The Pool. Just Add Salt…
We took the cover off the pool on Saturday. It did its usual trick of billowing out like a galleon’s mainsail at every waft of wind until we’d tamed it; draped it over the pool terrace to dry off; folded it up; and put it away until September.
We’ve learned from past experience, that olive leaves, twigs, bugs and spiders, the odd lizard and assorted tiny bits of crud have an uncanny knack of finding their way under the cover during the pool’s 7-month hibernation – (and as an aside, how many capital assets costing a great many thousand euro, are in use for just five months of the year and covered-up for seven ?) – so last autumn we secured the cover in what we’d hoped was a better, tighter way and were rewarded with actually a pretty good-looking result.
The coping stones are a bit grubby as is the pool liner round the water-line, but that’s nothing the usual springtime scrub won’t set right.
And after seven months in the dark the water needs to regain its sparkle. It comes as a surprise to some that the pool isn’t drained for winter and refilled each spring. Aside from how you’d actually dispose of 80,000 litres of lightly-salted water, (not to mention the eye-watering cost of an annual refill), the imbalance of external pressure on the pool walls would make the whole thing cave-in.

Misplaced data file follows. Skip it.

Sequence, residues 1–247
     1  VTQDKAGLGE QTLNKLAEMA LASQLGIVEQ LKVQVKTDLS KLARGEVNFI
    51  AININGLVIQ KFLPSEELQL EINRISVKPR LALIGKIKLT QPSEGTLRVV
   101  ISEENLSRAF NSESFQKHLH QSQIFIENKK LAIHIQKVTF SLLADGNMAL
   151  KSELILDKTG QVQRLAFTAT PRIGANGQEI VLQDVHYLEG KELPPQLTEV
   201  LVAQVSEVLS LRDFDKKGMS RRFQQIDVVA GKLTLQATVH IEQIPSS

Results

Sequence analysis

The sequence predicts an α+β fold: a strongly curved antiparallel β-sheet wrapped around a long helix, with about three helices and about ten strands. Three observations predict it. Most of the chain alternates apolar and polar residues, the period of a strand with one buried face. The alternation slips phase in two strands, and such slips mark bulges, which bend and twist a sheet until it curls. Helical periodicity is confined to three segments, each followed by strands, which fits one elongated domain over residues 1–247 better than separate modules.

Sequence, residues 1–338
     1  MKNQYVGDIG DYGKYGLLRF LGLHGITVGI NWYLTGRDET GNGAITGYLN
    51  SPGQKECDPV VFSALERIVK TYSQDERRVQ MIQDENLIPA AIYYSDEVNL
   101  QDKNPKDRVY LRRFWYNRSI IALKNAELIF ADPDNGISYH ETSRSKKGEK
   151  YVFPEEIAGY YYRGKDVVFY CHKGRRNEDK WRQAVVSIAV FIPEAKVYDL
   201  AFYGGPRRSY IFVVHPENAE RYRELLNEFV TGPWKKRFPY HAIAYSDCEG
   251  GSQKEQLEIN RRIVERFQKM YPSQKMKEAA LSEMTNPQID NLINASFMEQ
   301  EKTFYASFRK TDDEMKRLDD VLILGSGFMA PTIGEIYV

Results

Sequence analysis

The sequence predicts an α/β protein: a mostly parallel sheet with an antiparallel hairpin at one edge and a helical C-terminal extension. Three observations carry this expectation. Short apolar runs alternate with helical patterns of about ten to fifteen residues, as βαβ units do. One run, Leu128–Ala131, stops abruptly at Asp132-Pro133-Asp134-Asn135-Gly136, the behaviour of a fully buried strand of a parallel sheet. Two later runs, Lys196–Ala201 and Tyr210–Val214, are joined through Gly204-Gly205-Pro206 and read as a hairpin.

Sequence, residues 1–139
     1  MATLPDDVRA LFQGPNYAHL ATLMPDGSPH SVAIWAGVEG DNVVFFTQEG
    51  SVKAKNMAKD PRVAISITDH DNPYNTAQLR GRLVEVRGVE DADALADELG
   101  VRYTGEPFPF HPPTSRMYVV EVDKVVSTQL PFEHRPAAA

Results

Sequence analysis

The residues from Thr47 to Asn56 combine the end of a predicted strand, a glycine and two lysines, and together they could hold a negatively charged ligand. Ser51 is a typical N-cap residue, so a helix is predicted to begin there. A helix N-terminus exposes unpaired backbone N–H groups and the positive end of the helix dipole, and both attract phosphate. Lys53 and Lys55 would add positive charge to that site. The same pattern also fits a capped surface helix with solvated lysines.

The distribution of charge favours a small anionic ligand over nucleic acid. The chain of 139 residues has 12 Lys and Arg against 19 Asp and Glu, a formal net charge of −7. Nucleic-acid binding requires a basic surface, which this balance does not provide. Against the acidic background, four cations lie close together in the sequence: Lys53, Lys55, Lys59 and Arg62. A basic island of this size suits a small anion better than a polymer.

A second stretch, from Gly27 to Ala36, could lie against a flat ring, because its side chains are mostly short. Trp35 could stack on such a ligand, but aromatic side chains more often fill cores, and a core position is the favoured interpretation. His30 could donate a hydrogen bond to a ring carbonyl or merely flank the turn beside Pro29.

And ‘lightly-salted’ water ? Yes, we opted for a salt-water purification system – as opposed to the more widely-used chlorine system – when we installed the pool four years ago because although it’s initially more expensive, it’s subsequently a lot cheaper and much, much easier to run.
There’s no need for chemicals which require endless checks to see if they’re correctly balanced and, best of all, no chlorine smell.
All that’s needed is two hundred or so kilos of salt – ordinary, coarse sea-salt, the kind you use in a salt-grinder to sprinkle over your food – literally tipped into the water each spring, with the pool’s sophisticated computerised monitoring system doing the rest, telling you when to add more salt – and when you’ve used enough.
It doesn’t make the pool water noticeably salty; but it does make it delightfully soft and silky.
We could buy the salt we get through each year from the pool guys, who’d charge us around €100. Or we could get it, (and do get it), in rather a lot of 1-kilo boxes from the supermarket for €25.
Not the toughest financial call we have to make.
True that tipping-in half-a-dozen 25-kilo bags would be a lot quicker, but opening a couple of hundred cardboard boxes and pouring in the contents takes on a kind of hypnotic, zen-like quality. (And anyway, Pauline does most of it…)
Besides which, the sun was out; it had taken the Alpine Swifts all of about 10 minutes to see the pool was open again and begin swooping down to take acrobatic sips of water; and for Sweetie the cat to decide here was a vast new drinking bowl.
The intelligence of cats is sometimes over-rated…